SA’s ocean ecosystems get 10 times more state protection
The government has declared 20 new Marine Protected Areas to preserve biodiversity
Twenty new Marine Protected Areas (MPAs) have been declared off SA’s coasts, effectively increasing the legal protection of ocean wildlife by 10 times.
It has been a long-awaited move, say environmental activists, because prior to the government’s announcement only 0.5% of SA’s exclusive economic zones were formally protected. That figure has now jumped to 5%.
According to the Centre for Environmental Rights (CER), about 95% of SA’s marine environment has been leased for offshore oil and gas. This, it says, results in possible bulk marine sediment mining and poses a threat to offshore environments.
While rights have been granted for a range of other extraction practices, such as sand mining and marine fracking, the newly declared MPA network will provide refuge for certain ecosystems.
According to the Protected Areas Act, the network will prevent commercial prospecting, mining, exploration production and related activities in any of the newly protected sections.
Among the 20 newly protected areas are sections of Cape Agulhas, Aliwal Shoal Marine, Benguela Muds, the Browns Bank Coral reef, the Namaqua National Park and Uthukela.
“The new network will provide a multitude of benefits to biodiversity, people, and strengthen SA’s climate resilience. The network will protect key spawning, breeding, nursery, feeding, and aggregation areas for a rich array of marine fauna, including threatened shark, turtle and seabird species,” said the CER following the announcement.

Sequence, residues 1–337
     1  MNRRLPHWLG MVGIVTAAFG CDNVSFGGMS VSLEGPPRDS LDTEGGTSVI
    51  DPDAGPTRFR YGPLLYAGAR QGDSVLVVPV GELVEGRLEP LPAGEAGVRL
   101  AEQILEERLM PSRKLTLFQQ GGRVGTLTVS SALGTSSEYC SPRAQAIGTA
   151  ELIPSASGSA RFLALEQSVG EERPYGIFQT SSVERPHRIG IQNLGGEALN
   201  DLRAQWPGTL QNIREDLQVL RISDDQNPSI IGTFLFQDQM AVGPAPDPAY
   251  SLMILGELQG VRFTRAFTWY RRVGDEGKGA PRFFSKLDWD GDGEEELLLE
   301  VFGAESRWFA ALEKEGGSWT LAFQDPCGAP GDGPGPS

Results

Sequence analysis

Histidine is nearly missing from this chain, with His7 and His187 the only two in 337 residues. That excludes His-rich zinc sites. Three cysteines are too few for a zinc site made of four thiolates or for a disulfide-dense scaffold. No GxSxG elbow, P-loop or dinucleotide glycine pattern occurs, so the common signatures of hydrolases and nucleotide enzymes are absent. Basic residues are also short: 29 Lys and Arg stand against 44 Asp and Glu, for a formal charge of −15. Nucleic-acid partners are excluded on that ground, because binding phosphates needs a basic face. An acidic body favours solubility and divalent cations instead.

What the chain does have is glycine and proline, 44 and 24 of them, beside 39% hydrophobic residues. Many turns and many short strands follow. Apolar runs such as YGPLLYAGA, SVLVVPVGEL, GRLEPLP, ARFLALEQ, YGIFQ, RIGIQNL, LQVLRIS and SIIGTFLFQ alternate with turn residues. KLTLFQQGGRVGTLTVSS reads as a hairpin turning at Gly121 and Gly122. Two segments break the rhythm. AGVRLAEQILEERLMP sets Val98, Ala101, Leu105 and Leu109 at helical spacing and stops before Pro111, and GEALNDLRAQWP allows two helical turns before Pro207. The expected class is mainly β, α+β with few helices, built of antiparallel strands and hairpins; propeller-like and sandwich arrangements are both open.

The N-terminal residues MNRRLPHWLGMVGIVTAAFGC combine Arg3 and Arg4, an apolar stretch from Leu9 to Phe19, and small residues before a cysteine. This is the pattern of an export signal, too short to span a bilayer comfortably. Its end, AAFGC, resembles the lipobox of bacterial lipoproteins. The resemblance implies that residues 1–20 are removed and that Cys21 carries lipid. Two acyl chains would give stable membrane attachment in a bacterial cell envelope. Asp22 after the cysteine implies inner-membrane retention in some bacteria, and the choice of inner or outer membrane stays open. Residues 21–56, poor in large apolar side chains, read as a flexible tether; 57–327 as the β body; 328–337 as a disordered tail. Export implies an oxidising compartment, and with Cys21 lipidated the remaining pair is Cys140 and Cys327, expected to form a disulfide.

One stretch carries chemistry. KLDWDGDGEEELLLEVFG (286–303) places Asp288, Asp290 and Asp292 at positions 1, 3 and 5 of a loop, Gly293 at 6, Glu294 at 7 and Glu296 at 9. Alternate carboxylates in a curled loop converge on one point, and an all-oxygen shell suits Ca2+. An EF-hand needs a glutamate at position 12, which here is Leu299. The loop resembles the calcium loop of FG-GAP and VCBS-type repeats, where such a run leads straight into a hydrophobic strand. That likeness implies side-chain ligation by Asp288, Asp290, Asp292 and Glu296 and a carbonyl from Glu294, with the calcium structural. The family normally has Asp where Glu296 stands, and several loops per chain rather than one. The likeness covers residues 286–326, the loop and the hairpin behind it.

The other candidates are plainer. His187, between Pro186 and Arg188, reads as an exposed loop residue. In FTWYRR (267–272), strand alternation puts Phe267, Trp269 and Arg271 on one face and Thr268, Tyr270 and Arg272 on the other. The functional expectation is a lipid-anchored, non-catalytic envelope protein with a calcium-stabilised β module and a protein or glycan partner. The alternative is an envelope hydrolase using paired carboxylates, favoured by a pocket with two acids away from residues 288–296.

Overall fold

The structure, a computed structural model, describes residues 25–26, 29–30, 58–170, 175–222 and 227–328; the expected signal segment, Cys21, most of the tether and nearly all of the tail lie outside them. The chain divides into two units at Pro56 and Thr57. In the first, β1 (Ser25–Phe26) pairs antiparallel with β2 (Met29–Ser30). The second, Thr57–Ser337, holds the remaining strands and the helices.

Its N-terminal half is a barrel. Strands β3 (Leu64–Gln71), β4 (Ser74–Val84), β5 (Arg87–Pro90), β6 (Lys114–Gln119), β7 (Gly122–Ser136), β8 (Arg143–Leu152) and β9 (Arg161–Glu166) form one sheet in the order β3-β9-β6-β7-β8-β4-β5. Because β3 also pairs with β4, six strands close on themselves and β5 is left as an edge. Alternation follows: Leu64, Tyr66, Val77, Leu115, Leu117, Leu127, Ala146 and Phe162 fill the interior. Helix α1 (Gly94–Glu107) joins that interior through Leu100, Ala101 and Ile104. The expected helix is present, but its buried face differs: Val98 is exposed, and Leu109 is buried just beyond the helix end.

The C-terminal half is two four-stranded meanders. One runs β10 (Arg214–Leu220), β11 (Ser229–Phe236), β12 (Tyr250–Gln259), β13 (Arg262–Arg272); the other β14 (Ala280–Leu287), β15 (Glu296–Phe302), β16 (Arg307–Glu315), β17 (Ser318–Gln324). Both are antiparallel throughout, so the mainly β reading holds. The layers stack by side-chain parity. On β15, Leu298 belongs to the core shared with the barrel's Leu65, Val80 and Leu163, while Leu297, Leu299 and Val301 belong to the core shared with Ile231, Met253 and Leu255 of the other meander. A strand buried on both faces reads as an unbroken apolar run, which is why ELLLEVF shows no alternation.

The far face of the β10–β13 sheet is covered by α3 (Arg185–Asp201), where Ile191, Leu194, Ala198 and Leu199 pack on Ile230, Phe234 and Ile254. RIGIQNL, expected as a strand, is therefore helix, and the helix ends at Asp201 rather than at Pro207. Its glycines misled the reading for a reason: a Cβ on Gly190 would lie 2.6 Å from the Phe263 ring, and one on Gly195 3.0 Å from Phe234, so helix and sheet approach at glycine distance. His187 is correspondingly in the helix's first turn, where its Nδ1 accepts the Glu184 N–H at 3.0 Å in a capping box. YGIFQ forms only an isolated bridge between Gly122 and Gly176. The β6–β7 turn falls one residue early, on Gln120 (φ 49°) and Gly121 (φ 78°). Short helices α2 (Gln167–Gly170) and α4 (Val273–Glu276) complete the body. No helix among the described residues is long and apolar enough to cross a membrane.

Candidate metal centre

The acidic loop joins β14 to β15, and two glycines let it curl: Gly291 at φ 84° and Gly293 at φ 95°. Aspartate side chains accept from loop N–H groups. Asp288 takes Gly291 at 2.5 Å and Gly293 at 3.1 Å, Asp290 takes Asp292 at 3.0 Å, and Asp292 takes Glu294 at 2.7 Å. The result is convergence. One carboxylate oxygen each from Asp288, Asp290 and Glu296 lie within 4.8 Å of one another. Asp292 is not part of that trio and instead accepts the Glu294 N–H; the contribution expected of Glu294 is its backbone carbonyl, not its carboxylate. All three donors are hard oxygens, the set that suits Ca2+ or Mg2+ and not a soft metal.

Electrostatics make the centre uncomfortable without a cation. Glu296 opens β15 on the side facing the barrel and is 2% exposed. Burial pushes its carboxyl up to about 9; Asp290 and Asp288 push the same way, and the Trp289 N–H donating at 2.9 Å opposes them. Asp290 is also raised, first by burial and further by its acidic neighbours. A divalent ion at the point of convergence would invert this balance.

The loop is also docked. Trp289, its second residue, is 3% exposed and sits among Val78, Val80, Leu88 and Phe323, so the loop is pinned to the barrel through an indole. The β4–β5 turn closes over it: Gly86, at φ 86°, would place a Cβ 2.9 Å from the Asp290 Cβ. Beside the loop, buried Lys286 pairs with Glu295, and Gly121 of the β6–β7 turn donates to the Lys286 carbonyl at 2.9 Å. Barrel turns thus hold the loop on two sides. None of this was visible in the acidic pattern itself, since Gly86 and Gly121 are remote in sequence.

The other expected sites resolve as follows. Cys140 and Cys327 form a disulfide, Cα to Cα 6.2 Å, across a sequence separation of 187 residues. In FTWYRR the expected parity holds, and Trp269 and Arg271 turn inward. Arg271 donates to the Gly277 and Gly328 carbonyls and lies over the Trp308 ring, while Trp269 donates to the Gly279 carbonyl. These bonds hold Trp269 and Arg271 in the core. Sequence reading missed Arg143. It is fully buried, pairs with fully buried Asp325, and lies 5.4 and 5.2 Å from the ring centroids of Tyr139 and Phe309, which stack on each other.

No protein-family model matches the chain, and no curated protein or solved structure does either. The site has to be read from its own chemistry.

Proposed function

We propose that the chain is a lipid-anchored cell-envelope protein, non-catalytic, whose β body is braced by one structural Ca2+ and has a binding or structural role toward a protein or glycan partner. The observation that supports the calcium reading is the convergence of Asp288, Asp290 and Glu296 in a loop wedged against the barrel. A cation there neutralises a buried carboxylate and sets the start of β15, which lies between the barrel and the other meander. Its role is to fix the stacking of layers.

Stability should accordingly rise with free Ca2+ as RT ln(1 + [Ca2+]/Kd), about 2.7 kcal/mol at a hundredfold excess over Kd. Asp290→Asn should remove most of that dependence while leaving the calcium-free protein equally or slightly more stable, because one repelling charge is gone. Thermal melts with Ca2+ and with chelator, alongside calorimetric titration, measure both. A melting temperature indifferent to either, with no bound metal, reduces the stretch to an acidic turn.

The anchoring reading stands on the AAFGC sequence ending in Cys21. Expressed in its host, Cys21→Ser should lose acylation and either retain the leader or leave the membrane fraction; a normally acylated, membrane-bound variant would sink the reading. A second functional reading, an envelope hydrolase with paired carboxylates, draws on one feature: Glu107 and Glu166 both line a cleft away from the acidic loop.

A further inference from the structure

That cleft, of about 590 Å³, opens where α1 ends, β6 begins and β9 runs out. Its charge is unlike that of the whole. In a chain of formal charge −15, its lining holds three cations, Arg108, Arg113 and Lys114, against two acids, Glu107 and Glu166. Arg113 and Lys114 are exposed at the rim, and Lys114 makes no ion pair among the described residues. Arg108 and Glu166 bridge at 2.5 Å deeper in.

“It will protect unique and diverse habitat types and features including coldwater corals, a fossilised yellow wood forest, canyons, reefs, mangroves, coastal wetlands, mud habitats, gravel habitats and canyons.”
The CER credited the SA National Biodiversity Insitute (SANBI) and the department of environmental affairs for the latest development.
SA has already committed to protecting at least 10% of its coastal and marine environment by 2020, a promise made under the United Nations’ 1992 Convention of Biological Diversity.
According to SANBI, the new areas add about 50,000km² to SA’s protected-area estate – larger than Denmark and twice the size of the Kruger National Park.
“These new MPAs contribute to protection of both the Southeast Atlantic and the Southwest Indian Ocean – a uniquely South African contribution to global ocean protection,” SANBI said.
“In just 5% of the ocean area, 87% of SA’s different marine ecosystem types will receive some protection. This includes the first protection for marine habitats in Namaqualand, SA’s seamounts in both oceans, muddy ecosystems on the west, south and east coast, and protection of the marine environment around SA’s iconic Robben Island,” it said.